Frank Ocean's new (very NSFA) music video "Nikes" is full-on amazing: there's glitter, more glitter, Ocean looking amazing, fast cars, full on Studio 54 vibes, and imagery that will just change your life. But, what's even more striking about the track is its lyrics, which resemble those of the channel Orange track "Pyramids" in the sheer breadth of ground they cover. So if you've been asking yourself, "who is Frank Ocean's "Nikes" about?", well — I'm afraid the answer isn't that simple. There doesn't appear to be just one person the song is addressing, but instead a whole array of people and issues.
The opening line "Special shoutout to the icon dynasty, Slip-N-Slide Records," leads the intro suggests the song isn't dedicated to a person, but a thing: namely, the prestigious record label, which boasts artists like rapper/entrepreneur Rick Ross and the R&B group Jagged Edge. But what about the rest of the song? I'd argue it covers a few different themes: those who want to date him for his money, Black Lives Matter, and Frank Ocean himself. So let's take a tour round the hedonistic but often sobering world of "Nikes": It's too nuanced a song to be about just one thing.
It's About Those Who Want To Date Frank Ocean For His Money
The first verse opens on the following:
These b*tches want Nikes (This is a setup)
They looking for a check (Oh my god)
These lovers aren't interested in dating just anyone — they're looking for someone clad in a pair of expensive sneakers, like Nikes. As the commentators on Genius have observed, note the word "check," referring to both a cash check and the Nike swoosh. A man with Nike footwear suggests they have found what they're looking for: a guy with lots of cash.
It's About Black Lives Matter
In the song, Ocean references three tragic deaths of black men who died too young:
Pour one for A$AP (rest in peace)
RIP Pimp C (rest in peace)
RIP Trayvon, that nigga look just like me
A$AP here refers to A$AP Yams who, like Pimp C in 2007, died of an accidental overdose in 2015. Trayvon, then, refers to 17-year-old Trayvon Martin who was shot and killed in 2012 by a member of the neighborhood watch in the area Martin was staying in, George Zimmerman. This isn't the first time Ocean has commented on the deaths in the African-American community. Following Martin's murder, Ocean posted a photo of himself in a hooded sweatshirt to Tumblr to show solidarity with Martin, who was wearing a hoodie when he was killed. Additionally, following Michael Brown's death in 2014, Ocean posted a video on Tumblr which compiled TV news interviews with witnesses who had been there when the teenager was shot.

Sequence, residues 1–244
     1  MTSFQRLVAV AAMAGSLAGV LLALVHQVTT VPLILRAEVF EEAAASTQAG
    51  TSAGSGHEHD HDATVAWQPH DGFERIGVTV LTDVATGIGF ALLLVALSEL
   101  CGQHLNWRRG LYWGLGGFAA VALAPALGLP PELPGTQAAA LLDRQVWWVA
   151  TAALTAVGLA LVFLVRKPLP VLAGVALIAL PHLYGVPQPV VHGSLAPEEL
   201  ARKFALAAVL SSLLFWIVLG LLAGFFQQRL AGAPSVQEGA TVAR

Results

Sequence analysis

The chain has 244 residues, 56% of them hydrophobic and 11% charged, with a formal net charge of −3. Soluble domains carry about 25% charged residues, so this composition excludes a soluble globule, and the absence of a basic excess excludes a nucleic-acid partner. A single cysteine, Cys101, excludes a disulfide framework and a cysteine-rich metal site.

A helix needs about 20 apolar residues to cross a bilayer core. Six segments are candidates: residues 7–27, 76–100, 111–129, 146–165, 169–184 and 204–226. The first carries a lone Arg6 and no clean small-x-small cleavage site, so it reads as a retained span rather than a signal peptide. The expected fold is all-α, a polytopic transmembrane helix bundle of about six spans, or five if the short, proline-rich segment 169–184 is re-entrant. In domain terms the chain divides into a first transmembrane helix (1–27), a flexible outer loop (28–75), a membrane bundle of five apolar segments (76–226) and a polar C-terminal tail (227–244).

It's About Frank Ocean Himself
Because, obviously: how could it be a Frank Ocean song without some personal observations? The line "I've been working on my bod" sounds pretty autobiographical, especially when you consider this self-portrait Ocean recently posted on Tumblr showing off a more muscular physique. Then there's lots of first person observations on partying hard:
We lay it out on this wet floor
...Mesmerized how the strobes glow
Look at all the people's feet dance
Now, this is pure speculation, but there was a whole lot of London-based dance talent on Ocean's Endless visual album. Think electro stars like Sampha, Vegyn, Arca (as well as less dance-y London talent like the Contemporary London Orchestra). Additionally, the vibrant east London based dance scene isn't exactly a secret: did he find inspiration for these lines himself there? Possibly. Conversely, the refrain of "don't take no pictures at the party" not only references 1999's Fight Club (don't talk about Fight Club) and the desire to pretend the party doesn't exist because there are no photos, but also recalls the rules against taking photos that high-end clubs often have. For instance: Berlin-based techno club Berghain, which is also where Endless contributor Wolfgang Tillmans lives — Tillmans' Instagram post confirms he took Frank Ocean there himself. So, we could speculate this verse is directly referencing these European links.
It's hard to say who exactly this song's about because it contains multitudes, which is the beauty of it and of Ocean's work in general — it's not about one person at all. Ocean jumps from dating prestige-obsessed individuals to love to human nature to the pain of losing another young African-American man to the way the light plays across an anonymous dance floor — and he does it all so expertly, you can hardly tell he's doing it until you process the lyrics fully.
Images: Apple Music (4)